Have you ever thought about how an NHLer does it? I mean, the fans are jumping out of their seats, the music’s blaring, the horn’s sounding and the red light’s shining after a player fires a 1-T into the top corner of the net! Some like to celebrate, guys that we’ve chatted or worked with like Ovie and PK come to mind. Oh, and those two guys like their cellies and a lot of guys do, that’s cool, it’s passionate.
But what about the majority, the predominant most of the league that just navigate as business as usual. We as fans can’t contain the excitement, the media is chatting about it for weeks but even as the player does something completely exceptional they are just cool, calm and collected. It’s actually really incredible and it’s got a name… It’s called being a Pro.
You see Pro’s don’t normally act surprised. There Pro’s, they’ve hit that puck, 30,000 times, they made that move, escaped that player and fended off that check. There highly paid execution assassins. That might have sounded a little let’s say 15th century, but it’s true, they just plain execute and the best ones execute the most. It’s pretty cool to study the movement, skill and nervous system habits (mapping) from the world’s best, more on that in another blog.
So why are Pro’s so cool, calm and collected? As on-ice trainers to the best players in the world, we unfortunately don’t watch hockey the same way as the normal people do. Let’s just say we are a little challenged in that area… Lucky for us most players think it’s really cool because we can add value to their games. That value is a little negative as it comes in the form of identifying asymmetries or failures in movement, skill and game performance. My point is, do you know how many asymmetries are produced in an average NHL player’s shift? Whether it’s a faulty movement pattern selection, a lazy weight shift or a nervous system shutdown, one 45 second shift, how many failures? 0? 2?, 5? Could it be as high as 10? We started tracking this stat a while back to really get an understanding of how many and what type of asymmetries we’re being produced to effectively bind that material into our methodology and programming.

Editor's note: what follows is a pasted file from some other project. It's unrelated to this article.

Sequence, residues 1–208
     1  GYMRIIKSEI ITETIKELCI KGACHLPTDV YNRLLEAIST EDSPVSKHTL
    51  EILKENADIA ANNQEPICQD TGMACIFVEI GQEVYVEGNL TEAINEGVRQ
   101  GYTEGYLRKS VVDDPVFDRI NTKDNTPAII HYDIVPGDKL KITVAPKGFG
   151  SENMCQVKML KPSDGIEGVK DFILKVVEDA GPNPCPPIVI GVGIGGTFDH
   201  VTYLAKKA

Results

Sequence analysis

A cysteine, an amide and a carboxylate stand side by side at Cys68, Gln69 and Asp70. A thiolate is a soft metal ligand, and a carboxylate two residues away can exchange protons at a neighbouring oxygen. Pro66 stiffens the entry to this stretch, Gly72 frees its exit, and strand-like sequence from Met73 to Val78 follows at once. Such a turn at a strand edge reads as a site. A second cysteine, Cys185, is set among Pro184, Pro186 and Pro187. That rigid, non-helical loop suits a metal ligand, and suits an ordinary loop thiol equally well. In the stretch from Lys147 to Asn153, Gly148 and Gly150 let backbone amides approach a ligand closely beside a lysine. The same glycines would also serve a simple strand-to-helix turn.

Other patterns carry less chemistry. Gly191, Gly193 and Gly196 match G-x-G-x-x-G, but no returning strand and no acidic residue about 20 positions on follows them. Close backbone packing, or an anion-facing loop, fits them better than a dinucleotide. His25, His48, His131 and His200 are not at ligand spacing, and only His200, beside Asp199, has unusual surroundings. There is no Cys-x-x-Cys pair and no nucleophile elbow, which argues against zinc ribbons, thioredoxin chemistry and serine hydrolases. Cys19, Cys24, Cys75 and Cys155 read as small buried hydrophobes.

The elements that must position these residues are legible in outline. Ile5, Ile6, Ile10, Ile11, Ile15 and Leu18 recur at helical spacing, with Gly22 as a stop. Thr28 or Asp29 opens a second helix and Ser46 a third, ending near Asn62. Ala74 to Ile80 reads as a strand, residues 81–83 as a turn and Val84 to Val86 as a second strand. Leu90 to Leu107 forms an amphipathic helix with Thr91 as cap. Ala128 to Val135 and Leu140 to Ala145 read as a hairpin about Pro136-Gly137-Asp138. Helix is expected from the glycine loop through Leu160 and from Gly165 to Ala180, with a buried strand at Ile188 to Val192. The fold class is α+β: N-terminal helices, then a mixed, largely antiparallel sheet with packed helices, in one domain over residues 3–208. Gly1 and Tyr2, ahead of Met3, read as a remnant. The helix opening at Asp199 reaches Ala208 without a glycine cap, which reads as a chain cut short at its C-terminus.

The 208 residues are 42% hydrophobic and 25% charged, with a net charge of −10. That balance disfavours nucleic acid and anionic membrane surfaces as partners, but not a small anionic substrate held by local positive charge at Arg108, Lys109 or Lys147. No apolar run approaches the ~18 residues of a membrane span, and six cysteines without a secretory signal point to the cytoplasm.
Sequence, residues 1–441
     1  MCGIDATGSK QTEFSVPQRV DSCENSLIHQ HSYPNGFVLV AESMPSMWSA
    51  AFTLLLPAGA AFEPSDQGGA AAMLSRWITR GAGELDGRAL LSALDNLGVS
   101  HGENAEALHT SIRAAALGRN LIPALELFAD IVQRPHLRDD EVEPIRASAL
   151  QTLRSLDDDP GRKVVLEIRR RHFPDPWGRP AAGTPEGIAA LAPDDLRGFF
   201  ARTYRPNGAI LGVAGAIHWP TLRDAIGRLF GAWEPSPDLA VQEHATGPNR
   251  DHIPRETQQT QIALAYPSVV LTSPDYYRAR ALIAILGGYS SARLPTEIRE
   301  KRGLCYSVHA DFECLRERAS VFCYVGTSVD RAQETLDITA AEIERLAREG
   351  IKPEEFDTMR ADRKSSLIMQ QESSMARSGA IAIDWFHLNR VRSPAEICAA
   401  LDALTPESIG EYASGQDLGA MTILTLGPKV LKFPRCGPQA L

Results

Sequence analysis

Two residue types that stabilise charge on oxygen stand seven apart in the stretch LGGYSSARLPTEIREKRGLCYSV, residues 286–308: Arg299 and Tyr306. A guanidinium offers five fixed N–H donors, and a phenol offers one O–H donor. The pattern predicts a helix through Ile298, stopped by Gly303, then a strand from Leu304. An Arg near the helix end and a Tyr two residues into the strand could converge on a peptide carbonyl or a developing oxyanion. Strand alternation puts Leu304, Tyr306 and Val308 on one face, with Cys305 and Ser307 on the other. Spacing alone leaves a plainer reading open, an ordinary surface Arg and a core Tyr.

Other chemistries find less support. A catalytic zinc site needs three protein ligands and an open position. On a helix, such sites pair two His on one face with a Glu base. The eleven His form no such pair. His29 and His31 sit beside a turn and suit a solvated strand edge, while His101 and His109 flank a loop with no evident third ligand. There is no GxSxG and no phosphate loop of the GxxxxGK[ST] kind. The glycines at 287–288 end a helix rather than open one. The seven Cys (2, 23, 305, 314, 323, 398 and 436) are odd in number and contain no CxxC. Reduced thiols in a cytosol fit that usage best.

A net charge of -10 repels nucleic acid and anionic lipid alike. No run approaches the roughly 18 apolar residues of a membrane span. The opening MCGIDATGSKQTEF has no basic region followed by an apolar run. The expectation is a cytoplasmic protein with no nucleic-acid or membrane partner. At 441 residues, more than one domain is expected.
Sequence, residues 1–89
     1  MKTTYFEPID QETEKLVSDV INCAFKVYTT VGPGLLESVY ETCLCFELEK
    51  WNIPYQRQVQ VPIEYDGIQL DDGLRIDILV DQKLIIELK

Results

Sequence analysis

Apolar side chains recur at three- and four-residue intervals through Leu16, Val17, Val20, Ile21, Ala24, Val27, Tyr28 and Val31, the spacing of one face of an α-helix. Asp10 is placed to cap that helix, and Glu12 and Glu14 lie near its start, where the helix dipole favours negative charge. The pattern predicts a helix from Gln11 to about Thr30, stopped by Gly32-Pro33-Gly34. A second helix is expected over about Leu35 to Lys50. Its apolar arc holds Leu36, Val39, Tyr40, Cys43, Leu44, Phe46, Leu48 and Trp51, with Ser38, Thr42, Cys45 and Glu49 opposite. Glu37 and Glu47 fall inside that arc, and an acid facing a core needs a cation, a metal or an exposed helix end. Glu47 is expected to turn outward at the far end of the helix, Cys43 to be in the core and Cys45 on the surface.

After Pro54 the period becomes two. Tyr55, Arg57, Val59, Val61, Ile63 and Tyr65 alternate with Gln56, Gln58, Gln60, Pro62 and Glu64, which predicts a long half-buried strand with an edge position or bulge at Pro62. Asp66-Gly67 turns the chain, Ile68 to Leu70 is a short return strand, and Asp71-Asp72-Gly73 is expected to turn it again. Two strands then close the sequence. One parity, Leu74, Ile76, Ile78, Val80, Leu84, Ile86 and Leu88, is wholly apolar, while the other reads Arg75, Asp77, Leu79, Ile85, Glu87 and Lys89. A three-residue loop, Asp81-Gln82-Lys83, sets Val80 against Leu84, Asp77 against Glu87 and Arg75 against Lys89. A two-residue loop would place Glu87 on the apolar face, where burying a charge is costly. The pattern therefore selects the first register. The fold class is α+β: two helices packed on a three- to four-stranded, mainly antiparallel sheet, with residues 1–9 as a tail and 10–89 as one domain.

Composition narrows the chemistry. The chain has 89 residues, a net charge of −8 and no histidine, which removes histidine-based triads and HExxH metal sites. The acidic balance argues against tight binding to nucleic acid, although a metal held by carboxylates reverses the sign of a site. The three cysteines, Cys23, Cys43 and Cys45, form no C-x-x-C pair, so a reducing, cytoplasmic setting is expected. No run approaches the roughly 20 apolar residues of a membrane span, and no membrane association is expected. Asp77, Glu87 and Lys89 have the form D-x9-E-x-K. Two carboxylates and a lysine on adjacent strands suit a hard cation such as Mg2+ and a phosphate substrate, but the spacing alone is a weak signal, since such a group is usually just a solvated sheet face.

The answer is a little vague because there was a significant disparity between the good players i.e.: The ones who touched the puck the most and the ones who didn’t. Touch the puck a lot and chances of failure go up, it’s the same reason a goalie with a huge shot count often has a lower save % or a player with a huge shot count has a lower shooting %. There are anomalies to all statistics but what stood out was really the number 5. 1 fail per player almost every 10 seconds of a shift. Now you know why we ain’t so normal. It’s actually like being a mad scientist! Can we say blessing and curse? Bad positioning and can’t get to a Rim, Fail. Tough angle on your stick and the puck deflects over the net, Fail. Produced to much eversion of the foot while moving your feet in an open hip start, Fail. Missed fronting a puck on the PK, Fail. Lost a puck battle down low, Fail. Fail, Fail, Fail, Fail, Fail, and that could be just one shift! That could be like 50 failures a period, 150 asymmetries per game and over 12,000 failures in a given season! I guess we now know why Ovie and PK love their cellies. Unfortunately failures far outweigh successes in game play which is why our brand is skyrocketing by improving those performance deficiencies with the countless amount of Pro’s and young athletes we trade salt with throughout the season.
But enough with the stats, there boring, what about dealing with the Ups and Down? You see for a Pro, there isn’t really a difference. Yeah sure there’s some passion for some guys when they score a goal or make a big play and they feel good about themselves for a minute. After that it’s business as usual, their mindset goes into engage and repeat. It’s the same thing for all those failures. A guy has a tough night, tons of failures and really nothing too positive about his game. Ever been there? I have, a lot, which is likely why I am now coaching. The savvy pros, the veteran guys handle it best. They simply just move forward. They process, they look at some video, they learn. After that, they’ll walk out to their families usually with a big smile with an instant shift of focus, it’s actually amazing, they’ve built themselves into a true pro.
So, next time you pot a hat-trick or have a tough night, remember that those ups and downs are inevitable. Humbly celebrate your wins, process and learn from your losses and get ready for the next one. Be excited and passionate to keep doing business as usual. Appreciate the people around you who love you and support and build everything inside of you, your heart, your mind and your soul into becoming a true pro.